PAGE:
• Establish a welcoming learning community. ...
  • Make learning accessible through a wide range of activities. ...
  • Frame diversity as a strength. ...
  • Incorporate creativity and movement through music.
Feb 9, 2021

How can a teacher support language development in the classroom? ›

In your classroom, use pictures, labels, objects, and real events to link the language the child knows to the language he or she is learning. (This literacy and vocabulary-building strategy benefits every child.) Invite the child and his or her family to share their home language and culture in your classroom.

How can teachers best support students in their learning? ›

'Take the Time to Listen'
  • Be Patient. ...
  • Make Time to Listen. ...
  • Modify, Modify, Modify. ...
  • Rapport Is Key. ...
  • Support Students Dealing With Change. ...
  • Review, Review, and Review Routines. ...
  • Implement Strategies to Assist With Focusing. ...
  • Help Students Stay on Track.
Sep 2, 2021

How can teachers encourage and support each student? ›

One way to encourage students and teach them responsibility is to get them involved in the classroom. Make participating fun by giving each student a job to do. Give students the responsibility of tidying up or decorating the classroom. Assign a student to erase the blackboard or pass out materials.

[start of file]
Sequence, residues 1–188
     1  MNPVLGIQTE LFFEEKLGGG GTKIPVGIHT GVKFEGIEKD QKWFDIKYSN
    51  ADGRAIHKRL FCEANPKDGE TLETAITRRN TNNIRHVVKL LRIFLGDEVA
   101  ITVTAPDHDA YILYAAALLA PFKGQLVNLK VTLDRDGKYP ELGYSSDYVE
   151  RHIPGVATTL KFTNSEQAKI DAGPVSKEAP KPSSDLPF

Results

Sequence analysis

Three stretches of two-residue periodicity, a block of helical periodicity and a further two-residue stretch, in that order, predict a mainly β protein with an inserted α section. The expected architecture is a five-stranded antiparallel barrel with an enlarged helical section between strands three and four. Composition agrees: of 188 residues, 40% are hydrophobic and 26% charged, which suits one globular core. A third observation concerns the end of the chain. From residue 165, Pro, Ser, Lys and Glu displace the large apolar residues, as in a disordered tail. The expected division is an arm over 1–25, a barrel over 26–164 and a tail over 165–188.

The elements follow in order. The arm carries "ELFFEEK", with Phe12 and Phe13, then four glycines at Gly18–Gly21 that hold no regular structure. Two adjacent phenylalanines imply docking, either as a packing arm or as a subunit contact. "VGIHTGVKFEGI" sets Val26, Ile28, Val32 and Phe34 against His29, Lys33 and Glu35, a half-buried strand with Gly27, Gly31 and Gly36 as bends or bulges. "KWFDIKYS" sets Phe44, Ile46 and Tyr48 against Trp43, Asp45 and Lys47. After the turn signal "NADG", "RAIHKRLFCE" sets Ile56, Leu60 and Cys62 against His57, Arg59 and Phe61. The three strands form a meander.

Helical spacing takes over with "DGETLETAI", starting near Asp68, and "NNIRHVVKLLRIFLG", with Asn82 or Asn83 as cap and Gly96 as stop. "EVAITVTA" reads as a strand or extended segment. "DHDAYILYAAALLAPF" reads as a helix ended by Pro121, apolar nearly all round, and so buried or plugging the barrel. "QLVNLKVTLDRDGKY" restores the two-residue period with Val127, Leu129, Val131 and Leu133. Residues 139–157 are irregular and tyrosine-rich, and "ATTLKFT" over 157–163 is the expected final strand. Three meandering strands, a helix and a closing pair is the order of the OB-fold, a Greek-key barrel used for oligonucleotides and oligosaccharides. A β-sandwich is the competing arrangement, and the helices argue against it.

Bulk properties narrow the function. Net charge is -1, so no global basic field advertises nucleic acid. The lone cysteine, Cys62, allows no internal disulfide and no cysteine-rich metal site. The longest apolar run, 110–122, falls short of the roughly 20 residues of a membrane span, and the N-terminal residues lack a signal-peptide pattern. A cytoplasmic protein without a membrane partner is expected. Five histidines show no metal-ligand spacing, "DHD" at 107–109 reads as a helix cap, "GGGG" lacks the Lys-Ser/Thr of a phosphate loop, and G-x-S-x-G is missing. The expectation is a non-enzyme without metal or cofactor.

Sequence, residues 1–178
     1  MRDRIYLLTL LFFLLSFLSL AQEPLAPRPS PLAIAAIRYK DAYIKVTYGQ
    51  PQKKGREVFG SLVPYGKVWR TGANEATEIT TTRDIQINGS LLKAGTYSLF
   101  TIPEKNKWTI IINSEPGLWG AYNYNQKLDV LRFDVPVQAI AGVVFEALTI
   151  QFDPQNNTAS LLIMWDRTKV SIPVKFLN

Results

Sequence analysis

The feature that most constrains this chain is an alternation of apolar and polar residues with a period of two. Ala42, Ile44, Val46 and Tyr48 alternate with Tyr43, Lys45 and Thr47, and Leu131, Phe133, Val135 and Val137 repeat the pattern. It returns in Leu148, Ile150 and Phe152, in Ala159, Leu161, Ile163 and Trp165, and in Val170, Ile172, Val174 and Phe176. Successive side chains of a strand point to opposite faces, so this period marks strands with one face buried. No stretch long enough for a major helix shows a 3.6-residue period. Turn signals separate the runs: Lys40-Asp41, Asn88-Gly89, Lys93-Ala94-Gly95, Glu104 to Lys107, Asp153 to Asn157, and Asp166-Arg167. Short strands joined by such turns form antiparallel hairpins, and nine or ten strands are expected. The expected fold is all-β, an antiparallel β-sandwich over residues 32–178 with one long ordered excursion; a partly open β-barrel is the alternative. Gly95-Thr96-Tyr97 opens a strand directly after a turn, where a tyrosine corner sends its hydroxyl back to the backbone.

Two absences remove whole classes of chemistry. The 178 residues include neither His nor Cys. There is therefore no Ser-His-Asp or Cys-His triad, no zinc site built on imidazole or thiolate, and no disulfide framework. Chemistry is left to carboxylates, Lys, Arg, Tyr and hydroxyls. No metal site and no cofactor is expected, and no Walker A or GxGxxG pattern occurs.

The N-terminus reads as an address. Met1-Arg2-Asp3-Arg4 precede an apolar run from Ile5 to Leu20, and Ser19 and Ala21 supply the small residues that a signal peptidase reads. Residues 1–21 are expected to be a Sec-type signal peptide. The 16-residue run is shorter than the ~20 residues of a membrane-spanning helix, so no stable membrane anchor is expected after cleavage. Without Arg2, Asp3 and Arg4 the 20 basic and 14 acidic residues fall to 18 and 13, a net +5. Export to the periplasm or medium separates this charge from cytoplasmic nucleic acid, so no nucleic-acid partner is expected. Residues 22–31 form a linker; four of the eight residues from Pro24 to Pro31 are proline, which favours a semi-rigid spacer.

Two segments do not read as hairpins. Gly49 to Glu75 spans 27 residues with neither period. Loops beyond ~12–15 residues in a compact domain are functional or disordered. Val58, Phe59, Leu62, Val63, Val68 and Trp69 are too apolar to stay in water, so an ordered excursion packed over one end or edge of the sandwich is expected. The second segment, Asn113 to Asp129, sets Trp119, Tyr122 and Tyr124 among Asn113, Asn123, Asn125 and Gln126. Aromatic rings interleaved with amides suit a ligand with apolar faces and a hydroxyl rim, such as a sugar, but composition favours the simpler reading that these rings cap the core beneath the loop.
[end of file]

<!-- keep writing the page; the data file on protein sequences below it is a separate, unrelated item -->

How can teachers help students with learning disabilities? ›

Whenever possible provide student with visual cues by writing on the board, using the overhead, or providing the student with a brief written outline of the material to be covered in that class session. Provide student with written copies of your lecture. Give instructions/directions orally and in writing.

What are 3 strategies to support speech language communication? ›

Speak clearly to your child. Model good speech. Repeat what your child says to show that you understand. Add on to what they say.

How do you accommodate students with language barriers? ›

When a New Student Has Language Barriers: 7 Tips for Teachers
  1. 1) Pair a student with a knowledgeable buddy. ...
  2. 2) Conduct a language inventory among the staff. ...
  3. 3) Learn and model how to properly pronounce the student's name. ...
  4. 4) Don't wait for the student to ask for help. ...
  5. 5) Visuals aren't just for lessons.
Aug 29, 2017